This article provides a critical analysis of the German Facebook case and stresses the limits of competition law. Facebook’s terms and conditions regarding the use of Off-Facebook data were qualified as an exploitative abuse at various stages of the German Facebook proceedings. However, it is far from certain that Facebook would have written its terms any different if it was operating on a competitive market. From an economic viewpoint the market failure at hand is a pervasive information asymmetry rather than market power. Therefore, it is doubtful that the correct response lies within competition law. If competition rules must be rewritten in order to cope with market failures in digital markets, there is a serious risk that the abuse found is not an abuse of market power but an abuse of the market power provisions in competition law. Alternative routes that can be found in consumer contract, unfair competition or data protection laws might be viable options. The latter rules can be applied without a complicated finding of causality between market dominance and the use of ‘unfair’ contract terms. Admittedly, also the information paradigm can be called into question but amending rules of contract law avoids Herculean interpretations of competition law that go against a broadly supported ‘more economic approach’. Abusing competition law or enhancing contract law to improve the efficiency of digital markets, that is the question.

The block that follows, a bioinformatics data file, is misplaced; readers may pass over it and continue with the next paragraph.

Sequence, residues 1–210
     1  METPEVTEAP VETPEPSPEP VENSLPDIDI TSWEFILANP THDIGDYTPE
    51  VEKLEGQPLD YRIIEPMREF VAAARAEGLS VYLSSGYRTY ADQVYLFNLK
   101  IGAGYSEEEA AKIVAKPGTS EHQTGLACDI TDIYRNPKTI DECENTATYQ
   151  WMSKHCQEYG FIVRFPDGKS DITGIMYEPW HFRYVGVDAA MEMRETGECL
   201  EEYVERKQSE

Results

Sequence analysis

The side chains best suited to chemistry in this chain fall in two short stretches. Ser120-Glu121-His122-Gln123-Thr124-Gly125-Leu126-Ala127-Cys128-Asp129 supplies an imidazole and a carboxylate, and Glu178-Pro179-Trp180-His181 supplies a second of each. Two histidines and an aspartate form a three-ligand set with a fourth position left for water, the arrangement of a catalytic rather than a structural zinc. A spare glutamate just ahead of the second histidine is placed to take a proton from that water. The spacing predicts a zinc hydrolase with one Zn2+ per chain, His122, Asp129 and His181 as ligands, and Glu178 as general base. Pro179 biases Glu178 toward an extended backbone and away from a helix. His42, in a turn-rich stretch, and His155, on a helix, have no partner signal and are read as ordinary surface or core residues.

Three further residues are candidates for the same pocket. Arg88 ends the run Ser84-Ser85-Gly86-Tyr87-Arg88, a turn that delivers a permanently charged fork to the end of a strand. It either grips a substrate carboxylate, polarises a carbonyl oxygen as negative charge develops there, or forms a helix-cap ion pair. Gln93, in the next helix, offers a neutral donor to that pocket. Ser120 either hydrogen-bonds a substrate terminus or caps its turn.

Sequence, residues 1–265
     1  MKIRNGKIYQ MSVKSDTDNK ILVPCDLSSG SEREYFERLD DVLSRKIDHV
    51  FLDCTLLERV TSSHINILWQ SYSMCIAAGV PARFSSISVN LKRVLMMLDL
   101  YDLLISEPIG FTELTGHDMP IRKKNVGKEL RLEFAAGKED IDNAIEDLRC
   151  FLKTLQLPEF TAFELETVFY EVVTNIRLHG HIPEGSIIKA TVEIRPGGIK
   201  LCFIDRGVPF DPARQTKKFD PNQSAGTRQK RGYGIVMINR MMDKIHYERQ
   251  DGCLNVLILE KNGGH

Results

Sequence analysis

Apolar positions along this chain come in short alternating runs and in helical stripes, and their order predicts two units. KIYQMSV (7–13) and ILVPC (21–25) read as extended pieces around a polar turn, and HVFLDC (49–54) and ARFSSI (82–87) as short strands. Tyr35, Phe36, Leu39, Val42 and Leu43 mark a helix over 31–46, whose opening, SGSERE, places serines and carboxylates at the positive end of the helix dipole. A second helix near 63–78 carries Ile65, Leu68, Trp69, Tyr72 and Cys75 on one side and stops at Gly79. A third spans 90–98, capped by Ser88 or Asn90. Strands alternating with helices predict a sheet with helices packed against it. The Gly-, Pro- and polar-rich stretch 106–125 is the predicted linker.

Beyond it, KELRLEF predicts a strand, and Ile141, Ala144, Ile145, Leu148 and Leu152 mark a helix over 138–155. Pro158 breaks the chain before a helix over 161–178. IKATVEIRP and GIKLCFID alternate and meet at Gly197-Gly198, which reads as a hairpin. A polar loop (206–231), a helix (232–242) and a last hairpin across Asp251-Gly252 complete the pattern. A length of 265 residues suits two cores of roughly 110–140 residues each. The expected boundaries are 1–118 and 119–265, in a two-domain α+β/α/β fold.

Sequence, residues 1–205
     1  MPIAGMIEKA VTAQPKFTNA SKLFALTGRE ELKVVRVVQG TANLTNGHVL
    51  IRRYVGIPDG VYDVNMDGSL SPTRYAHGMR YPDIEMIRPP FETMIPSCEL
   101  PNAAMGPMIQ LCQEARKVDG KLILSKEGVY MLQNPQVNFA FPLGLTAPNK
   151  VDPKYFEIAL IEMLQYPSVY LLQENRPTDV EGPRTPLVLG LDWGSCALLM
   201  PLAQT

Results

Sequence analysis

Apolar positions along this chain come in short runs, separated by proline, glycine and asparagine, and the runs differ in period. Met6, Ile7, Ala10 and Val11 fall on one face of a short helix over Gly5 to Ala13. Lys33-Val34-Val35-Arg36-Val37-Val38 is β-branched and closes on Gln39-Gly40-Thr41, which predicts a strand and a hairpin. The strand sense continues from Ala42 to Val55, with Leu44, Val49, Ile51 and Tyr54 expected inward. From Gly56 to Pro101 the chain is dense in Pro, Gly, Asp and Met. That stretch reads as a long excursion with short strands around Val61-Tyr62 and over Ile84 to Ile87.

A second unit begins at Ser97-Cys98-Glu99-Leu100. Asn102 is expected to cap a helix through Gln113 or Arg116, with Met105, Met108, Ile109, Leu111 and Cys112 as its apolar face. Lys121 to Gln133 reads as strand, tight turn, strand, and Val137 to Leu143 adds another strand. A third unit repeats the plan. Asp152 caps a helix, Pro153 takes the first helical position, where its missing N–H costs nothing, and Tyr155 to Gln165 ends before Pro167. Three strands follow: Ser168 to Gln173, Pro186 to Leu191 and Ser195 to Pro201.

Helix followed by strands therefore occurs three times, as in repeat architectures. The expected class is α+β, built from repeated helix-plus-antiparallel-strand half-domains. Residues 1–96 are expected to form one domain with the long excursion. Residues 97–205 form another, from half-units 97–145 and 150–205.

Facebook case, goals of competition law, market failures, data law, information disclosure, consent, signing-without-reading problem, abuse of dominance, unfair contract terms, unfair commercial practices
World Competition
Rotterdam Institute of Law and Economics

Van den Bergh, R., & Weber, F. (2021). The German Facebook Saga: Abuse of Dominance or Abuse of Competition Law?. World Competition, 1, 29–52. Retrieved from